With 20 games remaining and facing a five-game deficit in the standings, the club's chances aren't looking good.
"You have to take the positives out of the road trip, 4-2 is nice," knuckleballer R.A. Dickey said. "I've always said that we need to get to 90 wins somehow to have a shot and I know that's a tall order, but it's not impossible. Keep grinding it out and take advantage of teams that aren't high up in the standings, we have to win those types of games."
The only way Toronto can finish with 90 wins is if the club finishes 17-3. That will be extremely difficult especially considering there are four games remaining against the Mariners, who lead the second AL Wild Card, and another six vs. the AL East-leading Orioles. Add in a couple of series against the Rays and Yankees and it seems even more daunting.
That doesn't mean the Blue Jays have given up. After Sunday's victory at Fenway Park, everyone in the clubhouse was saying the right things. Toronto has to be almost perfect the rest of the way, but the organization is holding out hope that it can happen.
Still, this weekend could have gone so much differently. The Blue Jays had a pair of late-inning leads Friday night, but were unable to close things out. On Saturday, they were a timely hit away from another victory. A 4-2 record sounds good, but a much better one was within their grasp.
"It could have easily been a 6-0 road trip," Jose Bautista said. "You're going to lose some games throughout the season that you feel like you should have won. We should just look at those are two of those games and focus on the ones that we still have coming up because we can't change the outcome of those games."
Dickey gave the Blue Jays some renewed hope on Sunday by tossing seven-plus strong innings. He scattered six hits, and most impressively, he didn't walk a batter for the first time since Aug. 2 in Houston.
The strong outing was a continuation of a recent trend as he appears to be finishing the year strong. Dickey has won his past three decisions and has allowed two earned runs or fewer in all but one of his last six outings.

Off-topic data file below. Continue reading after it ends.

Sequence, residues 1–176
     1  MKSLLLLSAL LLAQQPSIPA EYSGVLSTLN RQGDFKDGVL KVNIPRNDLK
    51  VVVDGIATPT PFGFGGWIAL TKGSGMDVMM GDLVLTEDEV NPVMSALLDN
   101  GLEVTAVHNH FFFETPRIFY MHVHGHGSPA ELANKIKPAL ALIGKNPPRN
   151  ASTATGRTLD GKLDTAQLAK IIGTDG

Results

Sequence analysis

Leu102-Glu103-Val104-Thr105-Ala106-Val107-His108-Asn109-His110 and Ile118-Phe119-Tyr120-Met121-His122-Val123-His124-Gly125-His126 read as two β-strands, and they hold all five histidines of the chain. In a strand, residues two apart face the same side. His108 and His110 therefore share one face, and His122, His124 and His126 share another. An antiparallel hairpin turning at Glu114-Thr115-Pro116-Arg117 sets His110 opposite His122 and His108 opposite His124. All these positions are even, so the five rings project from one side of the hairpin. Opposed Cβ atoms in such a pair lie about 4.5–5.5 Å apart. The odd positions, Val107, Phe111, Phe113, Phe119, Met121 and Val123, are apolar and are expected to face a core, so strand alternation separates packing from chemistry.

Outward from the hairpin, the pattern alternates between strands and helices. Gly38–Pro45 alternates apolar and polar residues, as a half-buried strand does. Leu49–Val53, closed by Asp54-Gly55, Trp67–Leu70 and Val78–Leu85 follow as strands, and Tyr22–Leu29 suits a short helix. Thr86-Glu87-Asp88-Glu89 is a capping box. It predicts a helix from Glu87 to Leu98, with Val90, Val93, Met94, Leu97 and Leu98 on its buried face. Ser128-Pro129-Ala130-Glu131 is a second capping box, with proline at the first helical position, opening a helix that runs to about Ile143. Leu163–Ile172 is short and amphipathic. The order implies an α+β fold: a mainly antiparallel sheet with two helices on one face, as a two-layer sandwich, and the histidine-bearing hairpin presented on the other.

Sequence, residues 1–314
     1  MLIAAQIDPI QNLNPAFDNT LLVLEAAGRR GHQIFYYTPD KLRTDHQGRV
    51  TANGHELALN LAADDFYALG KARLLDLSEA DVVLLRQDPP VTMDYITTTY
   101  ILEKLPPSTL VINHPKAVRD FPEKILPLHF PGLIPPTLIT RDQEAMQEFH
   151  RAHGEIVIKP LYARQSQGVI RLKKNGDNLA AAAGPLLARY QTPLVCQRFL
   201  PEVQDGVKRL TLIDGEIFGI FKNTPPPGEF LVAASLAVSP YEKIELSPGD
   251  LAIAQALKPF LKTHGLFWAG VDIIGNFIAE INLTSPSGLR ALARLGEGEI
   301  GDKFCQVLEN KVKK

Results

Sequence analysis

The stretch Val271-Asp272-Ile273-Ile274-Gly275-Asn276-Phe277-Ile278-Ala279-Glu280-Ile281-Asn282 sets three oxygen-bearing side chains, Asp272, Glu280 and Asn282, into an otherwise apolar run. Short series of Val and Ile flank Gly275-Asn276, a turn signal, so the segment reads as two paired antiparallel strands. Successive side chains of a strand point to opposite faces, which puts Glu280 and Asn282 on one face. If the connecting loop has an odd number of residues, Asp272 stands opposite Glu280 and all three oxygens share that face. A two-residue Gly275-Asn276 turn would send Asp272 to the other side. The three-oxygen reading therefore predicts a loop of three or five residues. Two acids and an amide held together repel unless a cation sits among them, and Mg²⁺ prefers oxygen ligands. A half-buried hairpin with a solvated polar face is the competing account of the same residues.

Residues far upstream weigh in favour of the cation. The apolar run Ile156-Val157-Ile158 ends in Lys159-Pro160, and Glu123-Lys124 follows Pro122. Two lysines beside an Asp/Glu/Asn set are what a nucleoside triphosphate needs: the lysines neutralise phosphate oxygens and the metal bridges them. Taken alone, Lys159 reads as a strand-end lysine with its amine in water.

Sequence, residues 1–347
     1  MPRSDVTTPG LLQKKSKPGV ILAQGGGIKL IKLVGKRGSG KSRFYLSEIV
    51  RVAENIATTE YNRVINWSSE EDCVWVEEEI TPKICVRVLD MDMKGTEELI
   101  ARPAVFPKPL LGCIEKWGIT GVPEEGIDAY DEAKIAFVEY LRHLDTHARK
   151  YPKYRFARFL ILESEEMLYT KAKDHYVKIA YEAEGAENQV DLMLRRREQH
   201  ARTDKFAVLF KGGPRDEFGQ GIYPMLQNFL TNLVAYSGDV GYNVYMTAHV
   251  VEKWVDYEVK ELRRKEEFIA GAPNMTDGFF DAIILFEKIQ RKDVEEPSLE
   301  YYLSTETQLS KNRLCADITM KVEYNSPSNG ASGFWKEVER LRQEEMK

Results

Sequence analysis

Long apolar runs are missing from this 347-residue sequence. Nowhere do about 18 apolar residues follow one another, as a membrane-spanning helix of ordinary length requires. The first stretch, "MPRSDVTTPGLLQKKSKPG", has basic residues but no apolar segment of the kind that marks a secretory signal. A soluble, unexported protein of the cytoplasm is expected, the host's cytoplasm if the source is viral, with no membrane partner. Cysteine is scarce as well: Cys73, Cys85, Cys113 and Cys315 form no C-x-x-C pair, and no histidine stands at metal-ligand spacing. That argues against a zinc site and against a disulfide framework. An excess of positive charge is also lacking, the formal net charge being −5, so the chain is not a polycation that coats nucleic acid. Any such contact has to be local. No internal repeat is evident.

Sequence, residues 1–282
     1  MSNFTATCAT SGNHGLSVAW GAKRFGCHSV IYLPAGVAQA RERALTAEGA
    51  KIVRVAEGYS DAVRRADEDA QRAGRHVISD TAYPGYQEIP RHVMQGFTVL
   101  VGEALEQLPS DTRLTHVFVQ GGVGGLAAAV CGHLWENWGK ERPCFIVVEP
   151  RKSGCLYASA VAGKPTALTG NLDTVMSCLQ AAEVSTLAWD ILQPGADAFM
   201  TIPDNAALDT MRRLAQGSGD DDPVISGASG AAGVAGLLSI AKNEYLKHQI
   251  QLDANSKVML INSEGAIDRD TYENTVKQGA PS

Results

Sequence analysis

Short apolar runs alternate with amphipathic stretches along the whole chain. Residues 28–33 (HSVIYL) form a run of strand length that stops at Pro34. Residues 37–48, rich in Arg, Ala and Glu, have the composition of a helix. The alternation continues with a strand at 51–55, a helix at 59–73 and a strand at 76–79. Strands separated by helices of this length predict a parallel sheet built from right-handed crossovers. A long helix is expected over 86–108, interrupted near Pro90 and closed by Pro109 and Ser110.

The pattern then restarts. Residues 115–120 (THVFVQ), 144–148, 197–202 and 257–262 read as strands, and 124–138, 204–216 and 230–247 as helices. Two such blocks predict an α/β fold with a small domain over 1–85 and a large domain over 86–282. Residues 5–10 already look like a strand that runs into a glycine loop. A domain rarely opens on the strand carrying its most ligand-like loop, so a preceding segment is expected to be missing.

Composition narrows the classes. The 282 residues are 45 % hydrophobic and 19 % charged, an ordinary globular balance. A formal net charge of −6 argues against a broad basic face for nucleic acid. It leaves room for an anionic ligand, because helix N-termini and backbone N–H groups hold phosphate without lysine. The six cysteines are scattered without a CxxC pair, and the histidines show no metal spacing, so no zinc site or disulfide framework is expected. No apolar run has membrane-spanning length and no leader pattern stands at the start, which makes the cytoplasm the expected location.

The only blemish on Dickey's outing came in the sixth when he allowed a leadoff double to left fielder Daniel Nava. Three batters later, Xander Bogaerts came through with an RBI single to left field. It was only the second time the Red Sox put a runner in scoring position and it didn't happen again until Dickey departed in the eighth after a leadoff double by Mookie Betts.
"He's very tough," Betts said of Dickey. "He's won a Cy Young. You know you're going to get some good pitching. I thought a couple of the knuckleballs were going to hit me and they ended up being right down the middle and then he has that 85-mph fastball to go with it. That combination is tough to hit."
Toronto got all of the runs it would need in the fifth. Anthony Gose led off with a walk and advanced to third on Jose Reyes' bloop single to center. Bautista then delivered the big blow with a deep three-run shot over the Green Monster for his 31st homer. Bautista has two homers in his past three games and seven since Aug. 26.
The vast majority of Toronto's runs over the past two weeks have come via the home run. The Blue Jays have homered in 11 consecutive games, which marks a season high, and they have a total of 18 over that same span. It marks the first time Toronto has homered in 11 straight since Aug. 6-18, 2011, when the club did it in 12 games.
The Blue Jays return home for a three-game Interleague series against the Cubs which starts on Monday night at Rogers Centre. There seemed to be understandable frustration and disappointment inside the clubhouse this weekend, but manager John Gibbons insists the road trip was a positive one.
"It feels good," Gibbons said. "We came into two tough places, we played well down in Tampa, which has been a nemesis for us. A couple of tough losses here, but the guys bounced back. They've been doing it all year, so that doesn't surprise me."